CRO is an acronym for Conversion Rate Optimization and refers to the process of optimizing your website and its content with the aim of generating more conversions from users on the website. In other words, CRO is about influencing users to take a certain action.

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What does CRO mean?

CRO (Conversion Rate Optimization) is a term for conversion optimization of a website. In other words, it is a term for ongoing optimisation to ensure that more visitors to the website take a valuable action. This could be buying a product, subscribing to a newsletter or downloading a brochure.

We've all visited websites we immediately think are doing great. They promote exciting content we are interested in reading and therefore have visited the website to read. Here sits the webshop owner clapping his hands because he thinks we'll end up making a purchase - but when it comes down to it, we end up shutting the site down.

It happens often, and as webshop-owner you sit with a long nose. What is the reason why the user does not end up with a purchase? In many cases, it's because the company has focused so much on external marketing that they've "forgotten" to optimise the user experience to convert.

Just because you've attracted a customer doesn't mean they're willing to throw money at your business or take a valuable action. In fact, only a small percentage of users who land on your website take the action you want, whether it's completing a transaction or signing up for a newsletter.

Similarly, it is of little value to us that you read this particular post. The value only arises at the moment you, for example, download our SEO book and thereby subscribe to our newsletter. We would therefore like to encourage you to do so 🙂

Example of a CRO optimisation process.

What it means to convert?

In the simplest way of explaining what it means to convert, it simply means when we change one thing into another. In marketing, conversion refers specifically to people performing a particular desired activity that furthers your business goals.

For example:

  • Curious readers become eager subscribers to your newsletter
  • People download the guide or e-book you have created
  • Window shoppers become paying customers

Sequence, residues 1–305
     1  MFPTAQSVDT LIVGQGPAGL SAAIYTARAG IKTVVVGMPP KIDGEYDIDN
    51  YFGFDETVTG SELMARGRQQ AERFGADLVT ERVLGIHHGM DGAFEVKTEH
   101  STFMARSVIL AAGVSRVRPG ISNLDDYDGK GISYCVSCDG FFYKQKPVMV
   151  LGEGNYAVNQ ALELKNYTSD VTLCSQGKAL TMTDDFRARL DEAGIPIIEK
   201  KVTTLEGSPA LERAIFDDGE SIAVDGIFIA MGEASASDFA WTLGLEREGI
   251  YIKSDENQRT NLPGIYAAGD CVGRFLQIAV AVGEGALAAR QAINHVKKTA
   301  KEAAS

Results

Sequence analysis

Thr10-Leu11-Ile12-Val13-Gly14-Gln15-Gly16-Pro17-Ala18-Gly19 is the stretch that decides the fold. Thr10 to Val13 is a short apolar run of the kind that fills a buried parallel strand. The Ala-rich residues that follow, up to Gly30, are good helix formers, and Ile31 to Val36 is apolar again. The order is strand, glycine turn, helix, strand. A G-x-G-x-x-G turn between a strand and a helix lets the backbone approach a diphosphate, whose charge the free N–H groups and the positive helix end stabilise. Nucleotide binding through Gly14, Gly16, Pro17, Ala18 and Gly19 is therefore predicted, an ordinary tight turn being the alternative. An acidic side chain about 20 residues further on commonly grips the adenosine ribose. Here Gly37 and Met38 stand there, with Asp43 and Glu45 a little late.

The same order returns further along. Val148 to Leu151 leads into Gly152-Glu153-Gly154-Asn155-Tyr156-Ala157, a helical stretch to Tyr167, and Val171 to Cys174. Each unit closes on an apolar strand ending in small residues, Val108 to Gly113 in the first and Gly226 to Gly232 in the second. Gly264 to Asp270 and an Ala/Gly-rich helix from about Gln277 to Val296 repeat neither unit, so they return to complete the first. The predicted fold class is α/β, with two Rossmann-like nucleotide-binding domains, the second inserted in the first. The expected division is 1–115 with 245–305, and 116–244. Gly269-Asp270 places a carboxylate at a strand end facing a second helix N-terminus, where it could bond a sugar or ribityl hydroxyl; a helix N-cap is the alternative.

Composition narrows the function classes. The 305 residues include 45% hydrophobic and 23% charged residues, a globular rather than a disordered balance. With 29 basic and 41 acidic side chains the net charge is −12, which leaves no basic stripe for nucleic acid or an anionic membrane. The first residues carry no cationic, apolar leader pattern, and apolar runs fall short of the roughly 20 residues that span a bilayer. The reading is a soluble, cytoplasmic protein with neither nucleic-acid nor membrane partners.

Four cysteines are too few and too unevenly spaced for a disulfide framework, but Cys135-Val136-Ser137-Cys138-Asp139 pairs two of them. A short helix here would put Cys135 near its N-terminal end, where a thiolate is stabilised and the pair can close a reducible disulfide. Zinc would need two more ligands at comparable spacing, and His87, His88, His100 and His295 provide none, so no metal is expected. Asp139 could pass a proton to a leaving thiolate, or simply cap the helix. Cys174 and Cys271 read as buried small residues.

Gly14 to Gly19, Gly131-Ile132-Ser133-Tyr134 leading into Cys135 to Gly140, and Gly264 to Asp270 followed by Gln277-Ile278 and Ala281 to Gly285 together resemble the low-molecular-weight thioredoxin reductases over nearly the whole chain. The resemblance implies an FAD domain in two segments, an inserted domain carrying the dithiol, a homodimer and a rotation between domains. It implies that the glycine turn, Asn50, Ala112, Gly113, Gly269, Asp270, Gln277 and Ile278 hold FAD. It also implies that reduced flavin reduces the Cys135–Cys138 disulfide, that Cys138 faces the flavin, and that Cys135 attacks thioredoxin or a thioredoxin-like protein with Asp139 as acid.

Conversion is often considered the last step in what's called your sales funnel, but you may have several smaller conversions along the way as a user goes from being a curious reader to signing up to receive your newsletter.

However, not every action a user takes represents a conversion.

Conversion is not:

  • People who click through from search engine or social media to your site
  • People clicking around your site

While both are desirable actions, neither behavior indicates that a user is moving closer to subscribing or buying something from you.

Signs that you need to focus on CRO

  • You get lots of traffic, which you obviously think is good. However, you are experiencing low and maybe even declining conversions. In other words, users are finding you. Your Google Analytics dashboard looks great. Yet sales are very slow. This indicates that something is going wrong in your funnel just before conversion and you need to fix it. High traffic = low conversions is a clear indication.
  • You can't identify where people fall out of sales straps. You find that people don't fill in all the information in your sign-up window, people leave their baskets, etc. But you can't see any pattern to it all. This indicates a lack of analytical tools and possibly a lack of understanding of the customer journey. This is where you may need outside help. "But I can't afford that, I'm not selling enough" you may think, but the fact is that you actually can't afford not to.
  • Consumer Psychology is a new concept for you. Most of marketing depends on your understanding of consumer behavior. You can't sell to people you don't understand. If this is the case, you should take courses or get outside help to learn how to understand consumer behaviour.
  • Your website is outdated. Back in 2010, you invested a significant amount of money in your website, and may still think it looks great. Unfortunately, it's just not good enough anymore, because it's (maybe) not responsive! Just back in 2014 mobile-optimized design still considered groundbreaking. By 2020, around 67% of the world will access the internet via a mobile device... And they won't waste their time on your website if it's not responsive.
  • You have just updated your website or are in the process of optimising it. Be sure to include someone on your development team who knows CRO, and start with a high converting web presence.
  • Customers complain. They may not complain to you, but they still complain. If you've recently come across a trustpilot review that talks about how hard it is to do something on your website, it's definitely time to get optimized.

Frequently asked questions

What is CRO?

CRO is a term for optimising a website to get more users to take a particular action. For example, the action could be buying a product or signing up for a newsletter.

What is CRO short for?

CRO stands for Conversion Rate Optimization. In English it is also called conversion optimization.

Are conversion optimization and CRO the same thing?

Yes. CRO is an abbreviation for Conversion Rate Optimization.

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Ian Rosenfeldt

Founder & COO

Se forfatter

Get in touch

Do you need help with conversion optimisation (CRO), or are you considering whether it makes sense for your business to focus on CRO? Contact Ian Rosenfeldt for a no-obligation discussion about your project.

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